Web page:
Selected Artist, Giant Steps Competition & Exhibition
Exhibition March 3 – April 3, 2016, King Street Station
Artist Concept: Robert Hutchison
Conceptual Team: Robert Hutchison, Scott Claassen, Siyu Qu, David Hutchison
Exhibition Team: Robert Hutchison, Wenjing Zhang, Xiaoxi Jiao, Kejia Zhang
It is little known that during all of the Apollo moon landings, while two astronauts would touch down on the moon in a lunar module, one astronaut would remain in the command module, tasked with firing the main rocket engine to keep the craft’s orbital path aligned with the lunar module’s landing site. I’ve always wondered what it would feel like to be completely alone in that command module, passing from lunar day to lunar night every other hour. As Apollo 16’s command module pilot Ken Mattingly has stated, “I can’t imagine bouncing across the surface of the Moon being as personally exhilarating as being solo in spacecraft over the back side of the Moon.”
If I had this blissful opportunity, I would just want to draw, as I gaze at the surface of the moon and the black cosmos beyond. But I would want to draw something for everyone on Earth to see, while I am drawing it.
My proposal resists the urge to walk on the surface of the moon. Instead, I propose to execute a three-dimensional drawing while in orbit around the moon during my 48 hour visit. Based on an assumed complete orbit time of two hours, I anticipate having the opportunity to complete 24 orbits of the moon. The instrument that I will use to construct my drawing will be the orbiting command module itself. The pigment for my drawing will be water expelled periodically behind the orbiting command module; through the process of desublimation, the water will turn into vapor and then immediately pass into a cloud of very fine ice crystals. The canvas for my drawing will be space itself.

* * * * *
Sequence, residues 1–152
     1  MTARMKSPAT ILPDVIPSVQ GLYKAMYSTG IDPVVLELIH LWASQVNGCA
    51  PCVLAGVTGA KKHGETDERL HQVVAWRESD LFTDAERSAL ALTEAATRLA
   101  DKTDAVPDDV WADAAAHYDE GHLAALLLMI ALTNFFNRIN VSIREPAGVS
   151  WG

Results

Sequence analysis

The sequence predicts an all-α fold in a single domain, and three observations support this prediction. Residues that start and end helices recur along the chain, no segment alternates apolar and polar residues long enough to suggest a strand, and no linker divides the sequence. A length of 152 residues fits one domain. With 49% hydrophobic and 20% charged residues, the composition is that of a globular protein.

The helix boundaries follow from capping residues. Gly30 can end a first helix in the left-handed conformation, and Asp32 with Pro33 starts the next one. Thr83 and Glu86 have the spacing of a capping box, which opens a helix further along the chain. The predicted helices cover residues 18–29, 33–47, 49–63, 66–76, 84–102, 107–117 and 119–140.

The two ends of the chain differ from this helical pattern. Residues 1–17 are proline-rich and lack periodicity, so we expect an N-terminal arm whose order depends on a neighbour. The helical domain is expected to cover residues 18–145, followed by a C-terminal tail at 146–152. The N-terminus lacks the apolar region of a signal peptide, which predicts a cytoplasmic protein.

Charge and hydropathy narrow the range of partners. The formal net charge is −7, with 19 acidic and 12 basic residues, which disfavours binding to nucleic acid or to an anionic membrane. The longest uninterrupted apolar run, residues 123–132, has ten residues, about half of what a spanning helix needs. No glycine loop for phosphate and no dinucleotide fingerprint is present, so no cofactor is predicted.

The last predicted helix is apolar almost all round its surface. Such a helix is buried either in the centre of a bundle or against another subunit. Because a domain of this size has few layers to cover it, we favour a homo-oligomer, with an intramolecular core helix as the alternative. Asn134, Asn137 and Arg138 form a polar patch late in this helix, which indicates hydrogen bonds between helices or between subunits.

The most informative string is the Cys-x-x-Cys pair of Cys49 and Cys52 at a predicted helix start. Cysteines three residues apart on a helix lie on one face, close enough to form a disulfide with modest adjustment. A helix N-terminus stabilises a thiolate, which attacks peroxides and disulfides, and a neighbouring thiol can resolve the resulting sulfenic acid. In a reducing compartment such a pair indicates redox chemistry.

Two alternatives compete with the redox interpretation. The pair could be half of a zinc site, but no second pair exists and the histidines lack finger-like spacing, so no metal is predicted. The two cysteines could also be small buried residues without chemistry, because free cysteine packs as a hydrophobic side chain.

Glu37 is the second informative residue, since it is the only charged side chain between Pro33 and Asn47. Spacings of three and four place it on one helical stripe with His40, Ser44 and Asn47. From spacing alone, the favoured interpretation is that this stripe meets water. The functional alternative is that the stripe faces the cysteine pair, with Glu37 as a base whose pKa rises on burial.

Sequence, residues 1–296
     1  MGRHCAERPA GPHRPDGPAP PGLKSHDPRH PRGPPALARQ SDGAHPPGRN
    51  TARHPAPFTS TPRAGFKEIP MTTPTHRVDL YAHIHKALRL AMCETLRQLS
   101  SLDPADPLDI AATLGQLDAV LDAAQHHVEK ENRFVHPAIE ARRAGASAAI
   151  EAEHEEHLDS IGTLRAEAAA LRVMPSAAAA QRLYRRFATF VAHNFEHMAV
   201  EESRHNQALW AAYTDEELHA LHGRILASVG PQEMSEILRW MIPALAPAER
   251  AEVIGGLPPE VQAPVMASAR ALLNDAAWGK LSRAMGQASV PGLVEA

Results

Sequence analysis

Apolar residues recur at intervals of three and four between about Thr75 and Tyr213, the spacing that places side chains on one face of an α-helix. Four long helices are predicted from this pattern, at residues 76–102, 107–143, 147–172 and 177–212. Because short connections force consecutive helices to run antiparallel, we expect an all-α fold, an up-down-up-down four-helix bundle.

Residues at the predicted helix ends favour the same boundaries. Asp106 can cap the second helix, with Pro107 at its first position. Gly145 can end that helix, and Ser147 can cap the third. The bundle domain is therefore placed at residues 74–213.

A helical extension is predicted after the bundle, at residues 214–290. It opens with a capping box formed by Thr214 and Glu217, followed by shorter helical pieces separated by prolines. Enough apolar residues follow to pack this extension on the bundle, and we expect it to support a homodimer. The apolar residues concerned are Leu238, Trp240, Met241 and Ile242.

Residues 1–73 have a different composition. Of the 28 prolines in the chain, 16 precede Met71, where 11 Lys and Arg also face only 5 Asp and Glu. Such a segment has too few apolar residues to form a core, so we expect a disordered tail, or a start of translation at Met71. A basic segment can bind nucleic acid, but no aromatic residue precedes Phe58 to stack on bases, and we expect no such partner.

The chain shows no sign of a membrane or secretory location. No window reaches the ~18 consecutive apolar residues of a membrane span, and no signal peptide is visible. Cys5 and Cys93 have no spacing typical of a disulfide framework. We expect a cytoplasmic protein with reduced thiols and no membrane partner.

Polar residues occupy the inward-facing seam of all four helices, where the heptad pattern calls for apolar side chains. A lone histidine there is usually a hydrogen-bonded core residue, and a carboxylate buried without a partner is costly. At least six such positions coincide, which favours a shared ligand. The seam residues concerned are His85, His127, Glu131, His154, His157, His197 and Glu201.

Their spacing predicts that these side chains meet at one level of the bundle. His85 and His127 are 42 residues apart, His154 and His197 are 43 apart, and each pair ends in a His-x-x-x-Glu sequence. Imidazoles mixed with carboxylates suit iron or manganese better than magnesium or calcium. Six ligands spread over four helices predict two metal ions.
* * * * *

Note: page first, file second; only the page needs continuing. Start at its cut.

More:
My drawing will temporarily transform the moon into the universally recognized diagram of the atom, alluding to the structure of the universe itself. Through four different orbits around the moon, (performing six passes for each orbit), the constructed lines of ice particles will appear as four rings encircling the moon. My visit will occur approximately between the third and fifth day of the waxing crescent moon, so that there is less light reflecting off of the moon, thereby allowing the orbital drawings to be seen more easily by all of earth’s inhabitants.
The only cargo necessary for my mission is water. All of my maximum cargo payload of 60 kg will be devoted to water (constituting approximately 2 cubic feet of volume). Additional water required to complete the drawing will be provided in lieu of the fuel savings generated by not landing on the moon. (The Apollo Lunar Module descent stage required 19,500 pounds of fuel, and the ascent stage required 5,200 pounds of fuel, for a total of 24,700 pounds, or 11,200 kg, of weight savings that could be substituted with water).
Over several days or weeks, the drawing will gradually fade as the halos of ice crystals are dispersed by solar winds and evaporated by solar radiation. By the next new moon, the drawing will remain only a memory.